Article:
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Marriage

Leah: Midrash and Aggadah

Leah is depicted in the [jwa_encyclopedia_glossary:424]Torah[/jwa_encyclopedia_glossary] as the woman who was married to Jacob against his will, and as the sister of the beloved and beautiful Rachel. The Rabbis compare Leah and Rachel: both were equivalent in beauty and in their erect stature. However, Leah’s eyes were weak from crying, for she feared that she would have to be married to the wicked Esau. The Rabbis found this weeping to be praiseworthy and declared that by merit of her prayers this fate was set aside and she was married to Jacob.

Leah: Bible

Leah is the elder daughter of Laban and the wife of Jacob, father of twelve sons who will become the twelve tribes of Israel. Leah and her sister Rachel, whose names mean “cow” and “ewe,” give Jacob many sons; and their father gives him actual live-stock Leah is described as having “soft (lovely) eyes” (Gen 29:7). Some translations (such as NJPS, RSV, NEB, and REB), perhaps influenced by Jacob’s preference for Rachel, render this as “dull-eyed” or “weak eyes,” but the more appropriate translation is “soft eyes” (as in NRSV and NAB)—what we might call “cow eyes.” She has six sons, who become six of the Israelite tribes (Gen 35:23; 46:5, 14).

Keturah: Midrash and Aggadah

Keturah was one of Abraham’s wives. The Rabbis describe her as a woman of virtue and for that she was worthy of being joined to that righteous one [Abraham].

Keturah: Bible

The marriage of Abraham (the first major male figure in the ancestor narratives of Genesis) to Keturah represents a secondary union, one that separates the procreation of offspring from the inheritance of immovable property (land), which in this case goes only to Abraham’s primary heir, Isaac—not to Keturah’s six children.

Jochebed: Midrash and Aggadah

The midrash portrays Jochebed as a wise woman who was righteous and God-fearing. By merit of her good deeds, she gave birth to the three leaders of the Exodus generation: Moses, Aaron, and Miriam.

Holocaust Survivors: Rescue and Resettlement in the United States

They had made it through World War II and now they were coming to America, 140,000 strong. The women, along with the men, had survived the rigors of the ghettos, the horrors of the concentration camps, the final agony of the death marches. They had been in hiding, or fighting with the partisans. They had escaped to the Soviet Union, some to Shanghai. And even after the war, they had been penned into displaced persons camps, in a holding pattern, waiting for a place to live, determined to get out of Europe. Now America was finally opening its doors, the doors that had been so tightly guarded during the war and, before, in the 1930s. And the American Jewish community was about to shoulder a responsibility that would sorely test its resources, commitment, and understanding.

Hannah: Midrash and Aggadah

Hannah is depicted by the Rabbis as a righteous woman who was devout in her observance of the commandments, especially those of pilgrimage to the Tabernacle, [jwa_encyclopedia_glossary:373]niddah[/jwa_encyclopedia_glossary] (the laws governing family purity), the taking of [jwa_encyclopedia_glossary:319]hallah[/jwa_encyclopedia_glossary] from dough, and the kindling of the Sabbath lights.

Hannah: Bible

The narrative in 1 Samuel 1–2, in which Hannah is protagonist, is set in the late premonarchic period (eleventh century b.c.e.). It opens obliquely with the introduction of her husband, Elkanah, who is identified by name, location, and extensive genealogy. Elkanah’s two wives conclude the exposition, and they are presented without genealogy. The significance of the women lies in their relationship to Elkanah and in their childbearing capacity: “The name of one was Hannah, and the name of the other Peninnah. Peninnah had children, but Hannah had no children” (1:2).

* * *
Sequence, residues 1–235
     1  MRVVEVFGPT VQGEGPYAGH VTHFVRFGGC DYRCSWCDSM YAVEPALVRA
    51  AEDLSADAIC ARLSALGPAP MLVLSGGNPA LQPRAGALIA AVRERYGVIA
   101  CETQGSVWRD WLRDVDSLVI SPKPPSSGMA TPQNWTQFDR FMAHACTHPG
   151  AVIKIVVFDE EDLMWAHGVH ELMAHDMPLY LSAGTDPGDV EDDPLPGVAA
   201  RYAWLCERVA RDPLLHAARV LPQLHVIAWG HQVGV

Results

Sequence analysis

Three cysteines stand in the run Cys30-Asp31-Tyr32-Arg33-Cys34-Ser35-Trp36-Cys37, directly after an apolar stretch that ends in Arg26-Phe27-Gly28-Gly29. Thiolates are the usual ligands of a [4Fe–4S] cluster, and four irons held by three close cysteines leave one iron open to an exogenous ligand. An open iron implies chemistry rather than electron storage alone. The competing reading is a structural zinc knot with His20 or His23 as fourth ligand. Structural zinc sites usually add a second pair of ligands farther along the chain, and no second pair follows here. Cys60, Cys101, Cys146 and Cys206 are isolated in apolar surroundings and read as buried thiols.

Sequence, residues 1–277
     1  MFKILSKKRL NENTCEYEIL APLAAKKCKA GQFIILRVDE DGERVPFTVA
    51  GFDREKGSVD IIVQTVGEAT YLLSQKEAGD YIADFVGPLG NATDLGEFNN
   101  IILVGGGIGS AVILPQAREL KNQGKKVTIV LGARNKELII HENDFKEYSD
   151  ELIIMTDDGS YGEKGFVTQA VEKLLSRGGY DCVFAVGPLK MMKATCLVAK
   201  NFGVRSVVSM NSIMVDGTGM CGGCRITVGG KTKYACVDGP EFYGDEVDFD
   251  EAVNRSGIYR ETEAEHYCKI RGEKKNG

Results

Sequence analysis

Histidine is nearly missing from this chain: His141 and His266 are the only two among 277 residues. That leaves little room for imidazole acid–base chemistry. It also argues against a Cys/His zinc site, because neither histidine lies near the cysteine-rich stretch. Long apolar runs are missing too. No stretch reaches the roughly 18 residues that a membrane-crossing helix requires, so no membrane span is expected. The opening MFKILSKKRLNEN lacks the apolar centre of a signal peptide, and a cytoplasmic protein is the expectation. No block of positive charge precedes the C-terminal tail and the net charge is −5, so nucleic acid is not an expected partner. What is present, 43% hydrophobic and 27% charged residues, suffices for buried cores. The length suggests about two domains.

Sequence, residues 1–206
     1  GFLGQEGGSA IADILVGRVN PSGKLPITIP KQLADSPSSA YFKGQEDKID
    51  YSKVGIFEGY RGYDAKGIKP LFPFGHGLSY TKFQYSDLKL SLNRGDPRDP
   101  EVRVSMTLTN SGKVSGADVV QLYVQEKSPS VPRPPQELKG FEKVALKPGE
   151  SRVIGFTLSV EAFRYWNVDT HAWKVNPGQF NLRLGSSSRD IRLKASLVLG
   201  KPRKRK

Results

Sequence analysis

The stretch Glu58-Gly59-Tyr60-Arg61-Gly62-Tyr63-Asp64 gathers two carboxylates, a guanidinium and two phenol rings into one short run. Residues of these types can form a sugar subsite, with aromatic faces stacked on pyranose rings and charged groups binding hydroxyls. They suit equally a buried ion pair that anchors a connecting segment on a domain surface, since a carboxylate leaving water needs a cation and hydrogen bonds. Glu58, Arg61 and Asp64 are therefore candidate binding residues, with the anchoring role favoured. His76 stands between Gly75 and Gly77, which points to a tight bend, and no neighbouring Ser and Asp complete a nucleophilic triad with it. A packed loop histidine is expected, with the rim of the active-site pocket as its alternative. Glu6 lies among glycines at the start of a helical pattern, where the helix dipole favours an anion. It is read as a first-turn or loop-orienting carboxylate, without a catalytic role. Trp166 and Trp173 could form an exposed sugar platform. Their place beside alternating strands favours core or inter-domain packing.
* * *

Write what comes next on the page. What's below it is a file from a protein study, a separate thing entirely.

Hagar: Midrash and Aggadah

The Rabbis present Hagar, Sarah’s Egyptian handmaiden, as an Egyptian princess whom Pharaoh king of Egypt gave to Sarah as a gift. She grew up in the home of Abraham and Sarah, and converted. Sarah initially had to persuade Hagar to marry Abraham (to compensate for her own barrenness), but Hagar quickly became accustomed to her new status, taking advantage of it in order to vex Sarah and disparage her in the eyes of others. The [jwa_encyclopedia_glossary:357]midrash[/jwa_encyclopedia_glossary] tells that Abraham grew close to Hagar and ceased viewing her as a handmaiden. He heeded his wife as regards Hagar, but he also took care not to harm the latter. Sarah, in contrast, treated her handmaiden harshly and abused her in various ways, causing her to flee to the wilderness. Hagar is depicted by the Rabbis as being strongly influenced by the atmosphere in the house of Abraham and Sarah. She became accustomed to seeing angels and therefore was not alarmed when an angel of the Lord was revealed to her at Beer-lahai-roi. The spiritual level of Sarah’s handmaiden was higher than that of people from later generations (see below, the comparison with Manoah).

Hagar: Bible

Hagar is Sarai’s Egyptian slave girl, whom Sarai (later Sarah) gives to Abram (later Abraham) as a wife who would bear a child that would be considered Sarai’s (Gen 16:3). Although it bears a resemblance to modern technological surrogate motherhood, this custom may seem bizarre. However, cuneiform texts of the second and first millennia b.c.e. attest to this custom in ancient Mesopotamia.

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How to cite this page

Jewish Women's Archive. "Marriage." (Viewed on December 13, 2017) <https://jwa.org/topics/marriage>.

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